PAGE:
Filing 9

OPINION. Signed by Judge Renee Marie Bumb on 2/19/14. n.m.(dd, )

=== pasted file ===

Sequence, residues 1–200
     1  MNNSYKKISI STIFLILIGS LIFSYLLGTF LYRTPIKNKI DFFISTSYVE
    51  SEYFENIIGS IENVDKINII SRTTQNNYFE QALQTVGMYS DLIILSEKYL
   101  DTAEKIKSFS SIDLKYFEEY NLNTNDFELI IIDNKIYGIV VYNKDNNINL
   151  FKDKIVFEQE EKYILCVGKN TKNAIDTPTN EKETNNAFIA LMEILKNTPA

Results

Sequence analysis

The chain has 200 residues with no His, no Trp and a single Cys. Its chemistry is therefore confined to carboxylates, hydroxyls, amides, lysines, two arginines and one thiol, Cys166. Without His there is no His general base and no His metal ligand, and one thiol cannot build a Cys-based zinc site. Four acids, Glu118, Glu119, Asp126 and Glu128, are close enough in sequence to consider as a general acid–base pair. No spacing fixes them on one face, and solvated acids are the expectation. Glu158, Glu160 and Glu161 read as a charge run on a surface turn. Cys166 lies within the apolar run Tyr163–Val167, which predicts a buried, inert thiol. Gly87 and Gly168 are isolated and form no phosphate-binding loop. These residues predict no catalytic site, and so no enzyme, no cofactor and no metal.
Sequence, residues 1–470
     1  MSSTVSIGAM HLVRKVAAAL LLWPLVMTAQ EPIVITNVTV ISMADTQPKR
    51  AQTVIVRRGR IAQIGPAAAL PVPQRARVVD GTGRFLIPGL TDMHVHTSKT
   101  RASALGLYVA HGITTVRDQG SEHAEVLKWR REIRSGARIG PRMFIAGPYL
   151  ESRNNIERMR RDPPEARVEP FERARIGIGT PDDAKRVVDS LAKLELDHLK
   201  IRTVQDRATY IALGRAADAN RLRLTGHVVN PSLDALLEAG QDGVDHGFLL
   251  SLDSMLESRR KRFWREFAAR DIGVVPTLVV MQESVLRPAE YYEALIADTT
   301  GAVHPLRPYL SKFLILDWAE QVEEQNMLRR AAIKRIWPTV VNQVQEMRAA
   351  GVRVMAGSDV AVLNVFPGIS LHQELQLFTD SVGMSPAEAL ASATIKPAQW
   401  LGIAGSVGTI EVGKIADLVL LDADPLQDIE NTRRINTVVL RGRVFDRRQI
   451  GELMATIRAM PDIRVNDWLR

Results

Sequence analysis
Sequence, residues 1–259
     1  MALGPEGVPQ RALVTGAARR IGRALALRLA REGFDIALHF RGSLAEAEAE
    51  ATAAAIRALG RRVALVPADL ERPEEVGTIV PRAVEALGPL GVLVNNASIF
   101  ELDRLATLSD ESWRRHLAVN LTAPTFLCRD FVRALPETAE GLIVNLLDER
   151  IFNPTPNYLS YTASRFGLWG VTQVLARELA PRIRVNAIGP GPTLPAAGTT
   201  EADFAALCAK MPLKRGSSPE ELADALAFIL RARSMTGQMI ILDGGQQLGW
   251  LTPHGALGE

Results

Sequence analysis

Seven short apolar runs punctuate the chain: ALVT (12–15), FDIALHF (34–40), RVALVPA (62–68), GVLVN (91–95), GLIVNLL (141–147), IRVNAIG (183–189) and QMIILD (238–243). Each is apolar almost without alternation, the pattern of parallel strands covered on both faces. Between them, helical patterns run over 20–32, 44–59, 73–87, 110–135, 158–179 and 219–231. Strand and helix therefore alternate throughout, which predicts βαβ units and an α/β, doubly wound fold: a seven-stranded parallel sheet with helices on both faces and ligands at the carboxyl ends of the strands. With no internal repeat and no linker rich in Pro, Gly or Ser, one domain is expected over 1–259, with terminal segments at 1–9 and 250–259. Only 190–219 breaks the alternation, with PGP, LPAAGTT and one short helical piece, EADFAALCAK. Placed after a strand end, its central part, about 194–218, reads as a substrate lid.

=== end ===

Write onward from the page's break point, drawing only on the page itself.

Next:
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NOT FOR PUBLICATION UNITED STATES DISTRICT COURT DISTRICT OF NEW JERSEY ________________________________ : JAMES MITCHELL, : : Civil Action No. 13-1068 (RMB) Petitioner, : : v. : MEMORANDUM OPINION : UNITED STATES OF AMERICA et al.,: : Respondents. : _______________________________________ : BUMB, District Judge: James Mitchell (“Petitioner”), an inmate previously incarcerated at FCI Fairton in New Jersey, filed a petition for a Writ of Habeas Corpus (“Petition”) pursuant to 28 U.S.C. § 2241 and, a months and a half later, submitted his filing fee of $5. See Docket Entry No. 1 and Docket Entry No. dated April 1, 2013. Respondents filed an answer and the administrative record. Docket Entry No. 6. See For the reasons detailed below, the Petition will be dismissed as unexhausted, meritless, moot and also for failure to comply with Local Civil Rule 10.1(a). Here, Petitioner challenged the recommendation of his Unit Team that he be placed in a residential reentry center (“RRC”) for the period of five to six months preceding his release. Docket Entry No. 1. See He relied on the Second Chance Act of 2007, Pub. L. No. 110-199, April 9, 2008 (“the Second Chance Act”) for the contention that his RRC placement should have been nine to twelve months. See id. In support of that claim, he stated that he had been incarcerated for a long period time and, if released without substantial resources, he was likely to commit another crime. See id. at 3-4. Respondents’ answer maintained that Petitioner’s position was substantively without merit; the record provided by Respondents established that he failed to exhaust his claim administratively since he abandoned his exhaustion efforts after getting a response from the Regional Office of the Bureau of Prisons (“BOP”). See Docket Entry No. 6-1. The Court’s sua sponte review of the federal inmate locator website,, showed that, after Respondents filed their answer, Petitioner was transferred to a RRC, i.e., RRM New York, Residential Reentry Office, P.O. BOX 329014, Brooklyn, NY 11232. This fact indicates that Petitioner’s claims have become moot.1 Therefore, the Petition is subject to dismissal on that ground. In addition, the Petition is subject to dismissal as substantively meritless and for failure to exhaust.2 1 Federal courts are not empowered to decide moot issues. See U.S. Const. art. III, § 2, cl. 1; Doe v. Delie, 257 F.3d 309, 313 (3d Cir. 2001) (citing North Carolina v. Rice, 404 U.S. 244, 246 (1971)). To avoid dismissal on the grounds of mootness, a controversy must exist at all stages of review. See Doe, 257 F.3d at 313 (citing New Jersey Turnpike Auth. v. Jersey Central Power & Light, 772 F.2d 25, 31 (3d Cir. 1985)). 2 The BOP Administrative Remedy Program is a multi-tier process. See 28 C.F.R. § 542.10. An inmate must initially attempt to informally resolve the issue with institutional staff. See 28 C.F.R. § 542.13(a). If informal resolution fails or is waived, an inmate may submit an appeal to the warden. See 28 2 The sole argument offered by Petitioner derives from his lengthy prison term and his doubts as to his moral stamina to avoid the life of crime in the event he faces life’s hardships upon release. However, the period of an inmate’s incarceration is merely one of many factors the BOP is obligated to consider under § 3621(b) and the Second Chance Act. Nothing in these provisions mandates a direct, blind correlation between the RRC term and the sentence served. A fortiori, nothing in the Second Chance Act guarantees an inmate the maximum twelve-month RRC period or any particular fixed RRC period. See Lovett v. Hogsten, 2009 U.S. App. LEXIS 28957 (6th Cir. Dec. 29, 2009); see also Nelson v. Zickefoose, 2013 U.S. Dist. LEXIS 3757 (D.N.J. Jan. 9, 2013); Travers v. Federal Bureau of Prisons, 2009 U.S. Dist. LEXIS 110901 (D.N.J. Nov. 30, 2009); Creager v. Chapman, 2010 U.S. Dist. LEXIS 26843 (N.D. Tex. Mar. 22, 2010) (although Petitioner disagrees with her CCC placement date after consideration of the § 3621(b) factors, this “does not establish C.F.R. § 542.14. An inmate who is dissatisfied with the warden’s response may appeal to the Regional Director of the BOP. See 28 C.F.R. § 542.15(a). The inmate unsatisfied with the Regional Director’s response may appeal to the BOP’s General Counsel (Central Office). See id. Appeal to the Central Office is the final administrative appeal. See id. Only if all responses are not received by the inmate within the time allotted for reply, “the inmate may consider the absence of a response to be a denial at that level.” 28 C.F.R. § 542.18. Here, Petitioner did not appeal the Regional Director’s response to the Central Office. Therefore, his Petition is also subject to dismissal on that ground. Such dismissal is, typically, without prejudice. Here, however, it is a distinction without a difference. 3 a constitutional violation, as nothing in the Second Chance Act or § 3621(b) entitles Petitioner or any other prisoner to any guaranteed placement in [an RRC]” and “‘the duration of RRC placement is a matter to which the BOP retains discretionary authority’”) (citations and quotation omitted); Wires v. Bledsoe, 2010 U.S. Dist. LEXIS 9094 (M.D. Pa. Feb.3, 2010) (“even if the petitioner’s unit team recommended significantly less than six months (only 60 days) in [an RRC], there is no basis to infer that their discretion was “abused”). Therefore, Petitioner’s position that his rights were violated by an RRC period shorter than that he desired is without merit.3 Hence, his Petition is also subject to dismissal on that ground.4 Therefore, the Petition will be dismissed. An appropriate Order accompanies this Opinion. s/Renée Marie Bumb RENÉE MARIE BUMB United States District Judge Dated: February 19, 2014 3 The Court also notes its concern with Petitioner’s statement that, unless he is allowed additional RRC time, he would commit another crime upon his release. Such blunt attempt at coercion cannot be rewarded with an additional RRC time. 4 Furthermore, this matter is subject to dismissal in light of Petitioner’s failure to apprise this Court of his new address. See Local Civil Rule 10.1(a) (an unrepresented party must advise the Court of any change of his address within seven days of being apprised of such a change and that failure to file such a change may result in the imposition of sanctions by the Court). 4